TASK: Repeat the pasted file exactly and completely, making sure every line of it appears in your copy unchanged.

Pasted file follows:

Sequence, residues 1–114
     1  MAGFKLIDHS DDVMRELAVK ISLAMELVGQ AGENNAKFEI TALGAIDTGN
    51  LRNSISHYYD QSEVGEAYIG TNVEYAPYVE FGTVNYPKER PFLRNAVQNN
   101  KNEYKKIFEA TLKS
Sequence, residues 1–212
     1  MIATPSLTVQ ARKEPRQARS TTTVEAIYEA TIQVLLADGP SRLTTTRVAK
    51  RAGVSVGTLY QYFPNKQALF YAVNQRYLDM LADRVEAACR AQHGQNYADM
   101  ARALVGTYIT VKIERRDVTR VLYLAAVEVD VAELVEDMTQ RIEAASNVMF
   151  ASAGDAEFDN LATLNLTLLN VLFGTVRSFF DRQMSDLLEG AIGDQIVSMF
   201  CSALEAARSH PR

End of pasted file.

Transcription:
Sequence, residues 1–114
     1  MAGFKLIDHS DDVMRELAVK ISLAMELVGQ AGENNAKFEI TALGAIDTGN
    51  LRNSISHYYD QSEVGEAYIG TNVEYAPYVE FGTVNYPKER PFLRNAVQNN
   101  KNEYKKIFEA TLKS
Sequence, residues 1–212
     1  MIATPSLTVQ ARKEPRQARS TTTVEAIYEA TIQVLLADGP SRLTTTRVAK
    51  RAGVSVGTLY QYFPNKQALF YAVNQRYLDM LADRVEAACR AQHGQNYADM
   101  ARALVGTYIT VKIERRDVTR VLYLAAVEVD VAELVEDMTQ RIEAASNVMF
   151  ASAGDAEFDN LATLNLTLLN VLFGTVRSFF DRQMSDLLEG AIGDQIVSMF
   201  CSALEAARSH PR